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Water, Towns and People

Polish Lands against a European Background until the Mid-16th Century

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Urszula Sowina

The book describes the functions of water in Polish towns from the late Middle Ages to the beginning of the Early-Modern Era against a wide European background. It presents the issue of water supply in the context of the town as a complex social and economic organism, taking into account social relations, administration and power as well as living and working conditions. Describing water supply devices, the author reconstructs the ways in which the techniques were transferred to the Polish lands. She analyses municipal court books and documents concerning towns of various sizes in the Polish lands from the 14 th to the 16 th century, with particular emphasis on Kraków. In addition, she also considers archaeological and iconographical sources. Her findings provide a new insight into the alimentary and hygienic uses of water, its importance for production and crafts, and its use as a source of energy, transport and communication. This is the first broad comparative presentation of the subject in Polish and European literature.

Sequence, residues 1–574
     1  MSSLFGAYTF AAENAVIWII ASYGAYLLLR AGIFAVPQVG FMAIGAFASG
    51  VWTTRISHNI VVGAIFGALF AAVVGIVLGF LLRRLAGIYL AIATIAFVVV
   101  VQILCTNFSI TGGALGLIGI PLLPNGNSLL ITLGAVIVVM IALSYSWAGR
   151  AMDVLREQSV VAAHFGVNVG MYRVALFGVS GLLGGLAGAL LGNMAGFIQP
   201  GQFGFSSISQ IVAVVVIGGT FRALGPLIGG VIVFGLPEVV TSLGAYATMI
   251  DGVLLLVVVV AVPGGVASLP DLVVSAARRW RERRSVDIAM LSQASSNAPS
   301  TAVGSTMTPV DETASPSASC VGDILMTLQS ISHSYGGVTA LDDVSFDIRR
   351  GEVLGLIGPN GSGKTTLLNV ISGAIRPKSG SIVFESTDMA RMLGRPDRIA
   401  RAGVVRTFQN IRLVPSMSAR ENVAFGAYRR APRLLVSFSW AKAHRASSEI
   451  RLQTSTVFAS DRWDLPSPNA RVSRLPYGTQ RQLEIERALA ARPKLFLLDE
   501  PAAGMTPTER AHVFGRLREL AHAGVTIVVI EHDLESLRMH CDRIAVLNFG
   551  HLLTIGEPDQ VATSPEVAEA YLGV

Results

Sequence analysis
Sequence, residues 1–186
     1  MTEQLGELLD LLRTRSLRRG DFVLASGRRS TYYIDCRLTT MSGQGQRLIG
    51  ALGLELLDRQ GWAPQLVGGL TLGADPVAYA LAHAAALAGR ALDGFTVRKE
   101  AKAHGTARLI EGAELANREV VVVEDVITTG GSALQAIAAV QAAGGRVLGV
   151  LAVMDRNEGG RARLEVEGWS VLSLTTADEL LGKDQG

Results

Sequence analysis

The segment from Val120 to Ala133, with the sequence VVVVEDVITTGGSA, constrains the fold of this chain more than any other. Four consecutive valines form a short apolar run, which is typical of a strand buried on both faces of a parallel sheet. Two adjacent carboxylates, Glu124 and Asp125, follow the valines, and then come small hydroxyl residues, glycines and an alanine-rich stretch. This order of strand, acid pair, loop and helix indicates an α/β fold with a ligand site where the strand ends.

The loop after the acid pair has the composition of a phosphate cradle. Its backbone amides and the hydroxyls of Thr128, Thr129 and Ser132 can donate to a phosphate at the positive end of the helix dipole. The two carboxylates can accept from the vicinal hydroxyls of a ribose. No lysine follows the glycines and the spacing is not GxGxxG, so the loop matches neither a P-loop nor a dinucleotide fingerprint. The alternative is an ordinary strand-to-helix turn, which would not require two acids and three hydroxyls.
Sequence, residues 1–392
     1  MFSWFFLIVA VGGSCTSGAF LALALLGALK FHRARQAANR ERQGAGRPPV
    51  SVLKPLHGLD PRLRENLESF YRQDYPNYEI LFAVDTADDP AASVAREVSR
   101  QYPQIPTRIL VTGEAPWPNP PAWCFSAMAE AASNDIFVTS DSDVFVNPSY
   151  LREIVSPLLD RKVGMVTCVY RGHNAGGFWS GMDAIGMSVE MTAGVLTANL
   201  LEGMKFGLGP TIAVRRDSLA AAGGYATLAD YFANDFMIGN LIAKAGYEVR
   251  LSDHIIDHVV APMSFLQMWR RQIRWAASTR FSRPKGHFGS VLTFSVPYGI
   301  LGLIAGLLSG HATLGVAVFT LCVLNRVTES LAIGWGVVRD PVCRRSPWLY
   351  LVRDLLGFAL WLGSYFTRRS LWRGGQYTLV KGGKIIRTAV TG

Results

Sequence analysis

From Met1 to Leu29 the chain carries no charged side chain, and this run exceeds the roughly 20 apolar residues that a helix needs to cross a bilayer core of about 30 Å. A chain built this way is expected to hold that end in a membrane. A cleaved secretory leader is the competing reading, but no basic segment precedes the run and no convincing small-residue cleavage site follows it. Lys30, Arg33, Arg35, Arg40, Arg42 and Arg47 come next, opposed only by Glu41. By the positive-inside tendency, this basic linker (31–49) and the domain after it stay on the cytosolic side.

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III.2.3 Dug wells as mikvehs

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Dug wells, presented in the previous part of the present chapter, with their basic division into private, neighbours’ and public wells, are obviously not the only type of such water reservoirs reaching the town’s subsurface water-bearing strata. Jewish water reservoirs should not be overlooked. A Jewish well (puteum Judeorum) in Płock dating from the 13th century was the earliest-mentioned Jewish well in the Polish lands. Situated near the Dominican Monastery, it constituted an important point in the town’s topography, considering the fact that the Bishop Piotr in a document of 1237 listed it as one of the elements marking out the northern border of the area included in the privilege. Therefore, it was treated in the same way as a well near the collegiate Church (puteum Wyslaue ecclesie) which was mentioned as another landmark.933 Owing to the laconic character of the written source it is difficult to establish whether the puteum Judeorum in Płock was a well or a mikveh, namely a water reservoir used by this community for ritual immersion. In the year 1453 in Wrocław the “baden Borne” was mentioned also as a landmark in the town’s Jewish district.934 This record revealed that it was a mikveh, a reservoir dug to the water-bearing stratum, an equivalent of a fons: a well. This was the word (fons) used to describe a 15th-century mikveh in Poznań. However, this can be established only on the basis of the content of the mention which includes a detailed...

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